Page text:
The Opening in Burma: A Union for All of Us

Issue Date October 2012
Volume 23
Issue 4
Page Numbers 132-134
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Read the full essay here.

Problems plague Burma’s “ethnic” periphery the way wildfires plague windswept grasslands in the dry season. A lasting democracy cannot be built on elections alone—the rights of the country’s minorities must also be protected.

About the Author

Hkun Htun Oo is a political leader from Burma’s Shan State and chairman of the Shan Nationalities League for Democracy (SNLD). In 1990, he ran for Union Parliament as head of the SNLD, which won 23 seats; only the National League for Democracy (NLD) won more. After the military government annulled the results, he continued to work for democratic change, receiving in 2005 a 93-year jail term for “treason, defamation, and inciting dissatisfaction toward the government.” Amnesty International recognized him as a prisoner of conscience. In March 2011, the United Nationalities Alliance, a group representing several nationalities in Burma, awarded him the Nationalities Hero prize for his “dedication and struggle for ethnic groups and national reconciliation.” On 13 January 2012, he was released from prison as part of a presidential amnesty. This essay was translated from the Burmese by Ma Oo.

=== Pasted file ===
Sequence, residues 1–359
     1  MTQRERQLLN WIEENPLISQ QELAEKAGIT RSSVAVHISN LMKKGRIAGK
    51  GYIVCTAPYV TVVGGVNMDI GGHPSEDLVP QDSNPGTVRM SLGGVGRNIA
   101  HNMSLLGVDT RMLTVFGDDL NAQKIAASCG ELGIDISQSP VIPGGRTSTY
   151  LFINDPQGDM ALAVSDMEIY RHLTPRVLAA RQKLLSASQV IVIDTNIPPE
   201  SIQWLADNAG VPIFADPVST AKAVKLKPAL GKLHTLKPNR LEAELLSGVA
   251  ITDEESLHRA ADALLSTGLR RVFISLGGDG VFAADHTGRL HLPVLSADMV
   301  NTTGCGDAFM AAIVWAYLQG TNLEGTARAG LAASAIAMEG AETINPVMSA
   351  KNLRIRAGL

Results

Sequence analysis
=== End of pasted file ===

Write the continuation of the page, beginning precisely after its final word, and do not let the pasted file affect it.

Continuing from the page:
View all work by Hkun Htun Oo